Almanack is steeped in volumes of history

July 07, 2003|by JESSICA DAVIS

Editor's note: Washington County was the first and is the oldest of 31 counties in the United States to be named after the country's first president, George Washington. This weekly series each Monday seeks out other places and items in the county that hold the title of "the oldest."

Washington County's oldest publication and the nation's second-oldest almanac is steeped in volumes of history but changes also are being made to attract younger readers and keep business alive, according to Business Manager Jerry Spessard.

The Hagers-Town Town and Country Almanack first was published in 1797 by John Gruber of Hagerstown, then known as Elizabeth-Town. Gruber was born in 1768 in Lancaster County, Pa., the son of a doctor, according to Almanack history. His father wanted him to follow in his medical footsteps but Gruber was more mechanically inclined, Spessard said.

Gruber was an apprentice at a printing press when Jonathan Hager's son-in-law befriended him and convinced him to move to Elizabeth-Town in 1794, Spessard said. Gruber's first home in the city stood where The Maryland Theatre is today. He used the front as a printing shop to publish the Almanack and the back as his living quarters, Spessard said.


For 25 years, the Almanack was printed only in German. Information and views on politics and religion were found within its pages, as well as weather predictions and helpful hints. Beginning in 1822, as the English language became more prominent, readers could choose from German or English editions. Those were published until around the time of World War I, when the German version was dropped because of the lack of area residents who spoke the language and because of anti-German sentiment, Spessard said.

At least one German element of the Almanack remains, however: The Hagers-Town Town and Country Almanack's trademark is the only almanac that still uses the "k" on the end of the word, a nod to the German spelling.

Upon Gruber's death in 1857, at the age of 89, he had published the Almanack for 60 consecutive years. Gruber's descendants continue to publish new editions of the Almanack, according to Spessard.

Gruber's great-great-great-great grandson, Charles W. "Chad" Fisher Jr. of Philadelphia, is the current editor. He is in charge of editorial content and the layout aspect of production before sending the entire package to Hagerstown Bookbinding and Printing for publication around Labor Day each year, Fisher said.

The 2002 edition of the Almanack was the first printed under his editorial eye. He took over after his father, also Charles W. Fisher, retired after 29 years as editor. Chad Fisher's other job as a full-time sales executive with IBM keeps him busy but also has the added bonus of aiding in the publishing of the Almanack.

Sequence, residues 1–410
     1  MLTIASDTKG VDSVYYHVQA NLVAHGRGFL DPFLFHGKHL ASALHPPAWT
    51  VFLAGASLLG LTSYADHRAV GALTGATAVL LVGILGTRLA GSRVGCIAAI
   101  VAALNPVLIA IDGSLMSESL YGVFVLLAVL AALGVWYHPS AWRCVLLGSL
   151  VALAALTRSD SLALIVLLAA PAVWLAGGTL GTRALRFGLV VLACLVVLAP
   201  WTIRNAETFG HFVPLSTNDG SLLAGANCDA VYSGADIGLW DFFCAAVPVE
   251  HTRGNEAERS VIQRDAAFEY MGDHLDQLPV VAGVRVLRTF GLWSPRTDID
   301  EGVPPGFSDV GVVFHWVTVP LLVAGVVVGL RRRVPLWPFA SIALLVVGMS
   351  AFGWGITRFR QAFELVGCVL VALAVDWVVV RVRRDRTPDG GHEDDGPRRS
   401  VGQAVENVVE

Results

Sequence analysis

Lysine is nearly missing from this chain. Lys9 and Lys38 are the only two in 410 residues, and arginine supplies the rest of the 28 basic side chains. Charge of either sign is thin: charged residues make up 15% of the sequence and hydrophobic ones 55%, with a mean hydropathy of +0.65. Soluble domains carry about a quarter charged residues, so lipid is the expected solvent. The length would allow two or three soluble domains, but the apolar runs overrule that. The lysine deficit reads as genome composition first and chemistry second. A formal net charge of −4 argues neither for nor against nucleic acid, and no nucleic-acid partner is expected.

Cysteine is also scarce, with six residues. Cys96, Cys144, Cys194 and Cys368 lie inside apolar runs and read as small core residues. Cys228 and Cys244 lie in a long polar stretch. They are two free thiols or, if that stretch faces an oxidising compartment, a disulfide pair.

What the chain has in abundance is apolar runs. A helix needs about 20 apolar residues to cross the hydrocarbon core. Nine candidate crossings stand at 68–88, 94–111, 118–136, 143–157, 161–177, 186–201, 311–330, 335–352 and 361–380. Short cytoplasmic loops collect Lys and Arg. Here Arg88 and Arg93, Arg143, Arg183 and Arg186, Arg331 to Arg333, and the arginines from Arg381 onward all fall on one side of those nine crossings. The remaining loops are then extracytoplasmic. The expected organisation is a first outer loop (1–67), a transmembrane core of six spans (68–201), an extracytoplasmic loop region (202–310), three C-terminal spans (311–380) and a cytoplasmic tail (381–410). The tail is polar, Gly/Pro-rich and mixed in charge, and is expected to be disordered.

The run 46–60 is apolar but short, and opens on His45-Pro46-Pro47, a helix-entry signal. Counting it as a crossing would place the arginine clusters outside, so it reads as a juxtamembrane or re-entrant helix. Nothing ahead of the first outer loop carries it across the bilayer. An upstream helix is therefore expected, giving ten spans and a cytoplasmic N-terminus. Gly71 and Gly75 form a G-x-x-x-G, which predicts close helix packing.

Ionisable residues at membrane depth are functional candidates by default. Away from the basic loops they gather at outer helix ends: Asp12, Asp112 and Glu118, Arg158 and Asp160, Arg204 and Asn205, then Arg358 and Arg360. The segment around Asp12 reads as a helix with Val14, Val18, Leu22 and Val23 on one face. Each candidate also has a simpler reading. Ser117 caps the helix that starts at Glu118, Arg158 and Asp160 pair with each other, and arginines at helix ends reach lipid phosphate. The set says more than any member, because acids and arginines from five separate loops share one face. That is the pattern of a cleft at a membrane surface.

"I've worked for IBM for almost 25 years and have gained much experience in desktop publishing and many other skills that help to move (the Almanack) along in the process," he said.

Technology makes it easier to get the Almanack to market, but from there it is up to retailers and buyers, Fisher said.

"Readership has unfortunately been declining in the past years due to distribution costs and difficulties," he said, citing the fact that retailers don't like to put once-a-year publications on their shelves because they don't sell continuously.

Part of the solution to this problem is the possibility of recalculating the weather predictions for up to four or five more regions in the United States so distribution can be more widespread, he said.

The family has overseen 208 continuous printings of the Almanack and Chad Fisher's son, Charles W. Fisher III, is poised to take over the business when he retires, Chad Fisher said.

The Almanack is not a business for men only, Chad Fisher said. For more than half of the 200-plus years that the Almanack has been published, the editor was a woman. Gruber's two daughters took over after he died, and various women in the Gruber family have acted as editor since then, Chad Fisher said. Most recently, his grandmother, Emily Kohler Fisher, was editor from 1934 to 1972, he said.

Business management of the Almanack also is a family affair. Spessard, who became the manager in 1984, was preceded by his father-in-law, Jack Hershey, who held the title beginning in 1960. Hershey's father-in-law, Frank Leiter, became manager in 1935 following Leiter's father-in-law, Wilfred McCardell, Spessard said. Those managers were not related to John Gruber, Spessard said.

The business manager is in charge of managing operations, handling distribution, printing and advertising, Spessard said.

The Almanack contains "a lot of folklore, a lot of tradition and a lot of beliefs," as well as helpful hints that readers "probably wouldn't hear of in today's society," Spessard said.

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